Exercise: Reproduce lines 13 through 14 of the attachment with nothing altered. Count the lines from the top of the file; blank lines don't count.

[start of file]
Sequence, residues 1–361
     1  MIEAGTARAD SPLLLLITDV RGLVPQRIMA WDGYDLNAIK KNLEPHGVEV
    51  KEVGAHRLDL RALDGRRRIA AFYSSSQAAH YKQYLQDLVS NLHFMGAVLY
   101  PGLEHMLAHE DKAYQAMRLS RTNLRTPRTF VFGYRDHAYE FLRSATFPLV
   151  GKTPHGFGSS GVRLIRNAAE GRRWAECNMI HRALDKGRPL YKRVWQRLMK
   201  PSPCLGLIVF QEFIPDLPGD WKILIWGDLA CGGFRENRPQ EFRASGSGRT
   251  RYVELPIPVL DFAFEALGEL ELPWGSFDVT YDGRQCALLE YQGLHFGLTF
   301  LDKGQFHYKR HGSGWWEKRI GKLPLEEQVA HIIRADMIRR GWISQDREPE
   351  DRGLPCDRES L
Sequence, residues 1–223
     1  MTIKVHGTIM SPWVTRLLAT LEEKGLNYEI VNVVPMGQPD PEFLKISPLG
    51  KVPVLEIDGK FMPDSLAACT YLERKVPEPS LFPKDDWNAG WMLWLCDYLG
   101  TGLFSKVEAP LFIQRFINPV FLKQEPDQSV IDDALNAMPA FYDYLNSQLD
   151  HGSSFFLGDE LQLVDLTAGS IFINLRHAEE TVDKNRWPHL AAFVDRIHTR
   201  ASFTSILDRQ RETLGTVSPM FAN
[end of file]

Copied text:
   101  TGLFSKVEAP LFIQRFINPV FLKQEPDQSV IDDALNAMPA FYDYLNSQLD
   151  HGSSFFLGDE LQLVDLTAGS IFINLRHAEE TVDKNRWPHL AAFVDRIHTR